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Detroit — John Conyers III is circulating petitions to appear on the November ballot as an independent candidate after being tossed from the Democratic primary in the race for his father's congressional seat.

Conyers, 27, told The Detroit News Monday that being disqualified from the August Democratic primary is a "blessing in disguise." Candidates without a party affiliation have until July 19 to submit 3,000 qualifying signatures to make the November ballot, according to state rules.

The maneuver, Conyers III said, is smarter than waging a long-shot campaign as a write-in candidate and he won't be beholden to the Democratic leadership.

"This is a far better position. I can focus on campaigning from now until November," said Conyers, who began circulating petitions after finding out he wouldn't be part of the primary. "Other Democrats in the (primary) race can fight it out for one position."

The crowded 13th District Democratic primary to replace resigned Congressman John Conyers Jr., D-Detroit, for a full two-year term includes Conyers' great nephew, Ian Conyers, as well as former state Reps. Rashida Tlaib and Shanelle Jackson, Detroit City Council President Brenda Jones, state Sen. Coleman Young III and Westland Mayor Bill Wild.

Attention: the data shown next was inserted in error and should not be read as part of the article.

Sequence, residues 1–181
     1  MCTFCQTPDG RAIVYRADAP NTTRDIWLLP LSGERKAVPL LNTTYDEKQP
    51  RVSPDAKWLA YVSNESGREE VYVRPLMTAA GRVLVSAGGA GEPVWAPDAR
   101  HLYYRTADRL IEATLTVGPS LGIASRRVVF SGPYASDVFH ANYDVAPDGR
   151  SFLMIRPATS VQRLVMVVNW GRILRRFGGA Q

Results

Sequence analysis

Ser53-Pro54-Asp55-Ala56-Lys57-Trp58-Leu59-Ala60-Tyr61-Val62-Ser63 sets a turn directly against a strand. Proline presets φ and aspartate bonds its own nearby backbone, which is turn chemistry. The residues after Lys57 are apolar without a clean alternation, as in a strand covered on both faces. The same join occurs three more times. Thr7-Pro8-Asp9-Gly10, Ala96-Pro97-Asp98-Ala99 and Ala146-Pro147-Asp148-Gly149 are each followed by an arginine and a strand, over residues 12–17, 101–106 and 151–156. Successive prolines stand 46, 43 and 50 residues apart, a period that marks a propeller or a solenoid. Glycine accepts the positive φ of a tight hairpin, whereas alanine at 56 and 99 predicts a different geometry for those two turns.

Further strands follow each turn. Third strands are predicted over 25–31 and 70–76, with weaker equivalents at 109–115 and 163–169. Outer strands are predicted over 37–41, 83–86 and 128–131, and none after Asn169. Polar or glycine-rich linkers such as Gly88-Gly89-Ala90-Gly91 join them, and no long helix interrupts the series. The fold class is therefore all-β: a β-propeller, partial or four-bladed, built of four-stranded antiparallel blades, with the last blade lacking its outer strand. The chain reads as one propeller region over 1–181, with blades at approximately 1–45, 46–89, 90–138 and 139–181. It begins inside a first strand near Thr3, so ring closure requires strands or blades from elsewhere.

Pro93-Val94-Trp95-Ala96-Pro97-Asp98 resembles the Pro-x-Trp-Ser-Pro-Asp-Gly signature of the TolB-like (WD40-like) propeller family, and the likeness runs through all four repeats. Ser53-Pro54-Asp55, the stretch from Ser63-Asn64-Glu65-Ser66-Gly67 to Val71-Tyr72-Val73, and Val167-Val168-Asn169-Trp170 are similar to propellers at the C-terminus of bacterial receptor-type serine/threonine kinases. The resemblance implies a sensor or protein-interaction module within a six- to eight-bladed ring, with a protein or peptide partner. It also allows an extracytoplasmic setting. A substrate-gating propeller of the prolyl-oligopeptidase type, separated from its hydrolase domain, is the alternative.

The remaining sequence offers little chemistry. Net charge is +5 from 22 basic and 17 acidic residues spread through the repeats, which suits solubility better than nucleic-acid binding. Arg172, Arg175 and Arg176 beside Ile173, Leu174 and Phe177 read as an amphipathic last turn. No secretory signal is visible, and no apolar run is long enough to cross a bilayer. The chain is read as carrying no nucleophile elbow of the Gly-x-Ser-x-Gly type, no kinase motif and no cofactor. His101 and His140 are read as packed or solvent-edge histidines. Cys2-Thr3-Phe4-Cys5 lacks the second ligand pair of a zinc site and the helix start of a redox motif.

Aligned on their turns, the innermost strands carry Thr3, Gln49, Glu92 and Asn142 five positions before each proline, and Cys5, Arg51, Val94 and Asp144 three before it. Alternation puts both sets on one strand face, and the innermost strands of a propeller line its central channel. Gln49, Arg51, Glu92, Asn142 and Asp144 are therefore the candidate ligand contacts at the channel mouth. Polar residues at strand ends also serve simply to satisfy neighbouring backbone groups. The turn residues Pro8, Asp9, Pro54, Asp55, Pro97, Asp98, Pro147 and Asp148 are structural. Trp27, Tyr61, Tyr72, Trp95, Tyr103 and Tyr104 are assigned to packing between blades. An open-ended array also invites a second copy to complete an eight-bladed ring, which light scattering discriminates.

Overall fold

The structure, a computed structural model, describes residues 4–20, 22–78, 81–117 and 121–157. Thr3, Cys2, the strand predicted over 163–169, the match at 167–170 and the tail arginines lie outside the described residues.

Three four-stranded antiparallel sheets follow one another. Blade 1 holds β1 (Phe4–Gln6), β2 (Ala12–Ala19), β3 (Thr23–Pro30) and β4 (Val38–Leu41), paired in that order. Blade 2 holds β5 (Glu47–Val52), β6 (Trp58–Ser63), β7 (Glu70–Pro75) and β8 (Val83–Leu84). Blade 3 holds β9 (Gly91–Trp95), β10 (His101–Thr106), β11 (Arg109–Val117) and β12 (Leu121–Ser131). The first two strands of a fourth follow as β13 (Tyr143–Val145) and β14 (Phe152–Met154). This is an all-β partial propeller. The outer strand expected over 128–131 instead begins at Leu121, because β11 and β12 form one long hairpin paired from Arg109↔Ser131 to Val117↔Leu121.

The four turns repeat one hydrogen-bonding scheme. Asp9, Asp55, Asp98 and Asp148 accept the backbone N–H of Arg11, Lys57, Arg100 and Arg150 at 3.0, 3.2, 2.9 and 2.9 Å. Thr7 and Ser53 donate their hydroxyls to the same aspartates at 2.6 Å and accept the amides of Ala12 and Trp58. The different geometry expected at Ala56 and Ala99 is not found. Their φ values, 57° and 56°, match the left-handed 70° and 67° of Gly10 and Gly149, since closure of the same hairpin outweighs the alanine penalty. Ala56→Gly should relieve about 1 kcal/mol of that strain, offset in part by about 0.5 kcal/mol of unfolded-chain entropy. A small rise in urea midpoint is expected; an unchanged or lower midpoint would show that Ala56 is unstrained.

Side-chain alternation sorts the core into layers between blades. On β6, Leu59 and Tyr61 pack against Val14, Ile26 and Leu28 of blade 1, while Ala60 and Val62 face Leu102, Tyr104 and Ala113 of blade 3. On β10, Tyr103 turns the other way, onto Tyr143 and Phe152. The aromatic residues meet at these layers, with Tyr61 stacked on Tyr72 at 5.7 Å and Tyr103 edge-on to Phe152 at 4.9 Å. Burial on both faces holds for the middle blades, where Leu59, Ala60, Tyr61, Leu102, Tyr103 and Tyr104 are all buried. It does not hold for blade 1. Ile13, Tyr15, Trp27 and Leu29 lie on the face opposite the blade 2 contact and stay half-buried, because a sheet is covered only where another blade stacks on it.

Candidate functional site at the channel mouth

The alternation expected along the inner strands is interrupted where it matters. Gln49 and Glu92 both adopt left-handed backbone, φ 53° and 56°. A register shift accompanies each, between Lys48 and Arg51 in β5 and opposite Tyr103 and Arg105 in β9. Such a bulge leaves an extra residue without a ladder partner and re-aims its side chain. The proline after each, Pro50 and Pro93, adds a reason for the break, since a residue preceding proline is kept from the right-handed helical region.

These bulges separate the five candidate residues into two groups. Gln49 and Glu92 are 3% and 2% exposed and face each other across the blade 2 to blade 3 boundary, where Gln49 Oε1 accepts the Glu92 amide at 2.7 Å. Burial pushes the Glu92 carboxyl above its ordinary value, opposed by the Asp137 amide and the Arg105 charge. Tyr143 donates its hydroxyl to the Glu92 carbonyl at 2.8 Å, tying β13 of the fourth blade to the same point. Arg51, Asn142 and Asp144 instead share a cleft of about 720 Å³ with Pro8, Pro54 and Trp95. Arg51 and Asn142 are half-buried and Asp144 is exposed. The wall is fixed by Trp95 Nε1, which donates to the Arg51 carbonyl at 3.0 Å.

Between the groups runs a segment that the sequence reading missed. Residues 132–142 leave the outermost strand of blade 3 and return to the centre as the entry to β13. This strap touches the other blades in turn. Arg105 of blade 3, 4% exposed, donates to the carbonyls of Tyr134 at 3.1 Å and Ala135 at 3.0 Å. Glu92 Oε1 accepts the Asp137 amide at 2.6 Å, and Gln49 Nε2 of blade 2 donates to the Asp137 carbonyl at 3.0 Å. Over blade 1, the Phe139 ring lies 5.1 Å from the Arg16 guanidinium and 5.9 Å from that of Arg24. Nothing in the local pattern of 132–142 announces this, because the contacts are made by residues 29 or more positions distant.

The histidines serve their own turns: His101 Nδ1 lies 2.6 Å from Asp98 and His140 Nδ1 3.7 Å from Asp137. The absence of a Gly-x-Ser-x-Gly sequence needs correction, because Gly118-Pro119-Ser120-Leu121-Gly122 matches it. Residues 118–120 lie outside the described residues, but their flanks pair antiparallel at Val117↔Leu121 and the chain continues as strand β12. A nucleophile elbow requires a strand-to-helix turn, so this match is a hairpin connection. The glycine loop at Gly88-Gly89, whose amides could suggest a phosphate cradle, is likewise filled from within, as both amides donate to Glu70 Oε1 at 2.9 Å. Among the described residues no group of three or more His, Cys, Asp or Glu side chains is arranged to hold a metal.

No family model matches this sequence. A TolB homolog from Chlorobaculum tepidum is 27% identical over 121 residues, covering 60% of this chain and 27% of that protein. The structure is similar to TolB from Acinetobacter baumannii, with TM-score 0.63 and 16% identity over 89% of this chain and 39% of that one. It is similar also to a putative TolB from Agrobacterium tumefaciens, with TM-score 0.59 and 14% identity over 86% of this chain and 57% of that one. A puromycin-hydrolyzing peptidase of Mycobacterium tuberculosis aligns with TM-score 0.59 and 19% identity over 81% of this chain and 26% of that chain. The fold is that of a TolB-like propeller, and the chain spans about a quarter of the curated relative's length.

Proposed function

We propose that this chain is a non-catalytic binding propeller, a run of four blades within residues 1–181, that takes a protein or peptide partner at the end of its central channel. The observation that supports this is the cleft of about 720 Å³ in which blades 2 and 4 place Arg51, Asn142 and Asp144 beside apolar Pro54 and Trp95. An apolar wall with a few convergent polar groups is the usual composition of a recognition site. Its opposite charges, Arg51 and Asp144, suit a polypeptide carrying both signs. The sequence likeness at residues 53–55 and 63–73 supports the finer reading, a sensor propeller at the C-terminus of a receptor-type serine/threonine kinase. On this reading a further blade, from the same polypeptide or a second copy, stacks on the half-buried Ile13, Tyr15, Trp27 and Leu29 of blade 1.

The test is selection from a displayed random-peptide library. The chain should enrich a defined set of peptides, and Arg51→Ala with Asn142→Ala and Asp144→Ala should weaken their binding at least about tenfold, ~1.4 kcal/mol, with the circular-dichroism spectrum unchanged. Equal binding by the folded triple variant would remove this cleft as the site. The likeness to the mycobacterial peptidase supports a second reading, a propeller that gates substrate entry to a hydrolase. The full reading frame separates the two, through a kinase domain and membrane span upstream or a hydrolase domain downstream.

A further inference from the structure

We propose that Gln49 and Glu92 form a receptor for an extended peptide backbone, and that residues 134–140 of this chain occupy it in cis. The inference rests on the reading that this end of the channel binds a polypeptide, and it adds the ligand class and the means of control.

Former Conyers' staffer, Kimberly Hill Knott, is running as a write-in candidate.

Conyers III's campaign plan comes after the Michigan Court of Appeals last month affirmed a Wayne County court's denial of Conyers' effort to restore his name to the ballot for the primary.

Attorneys for Conyers had asked the courts to restore his name to the Aug. 7 primary ballot after Wayne County Clerk Cathy Garrett disqualified him in May. Garrett concluded Conyers had submitted fewer than the 1,000 valid voter signatures required for the congressional ballot under state law.

Conyers said Monday there's no point pursuing the challenge any further. 

The elder Conyers stepped down in December amid allegations of sexual harassment by former staffers. On the same day, the congressman endorsed his son to succeed him.

Conyers, the oldest of the former congressman's two sons, said he spent his younger years attending union rallies alongside his father and knows the issues. 

"I'm not running on my father's legacy," Conyers III said. "I grew up doing this work. I spent my entire life in Congress, learning."

cferretti@detroitnews.com

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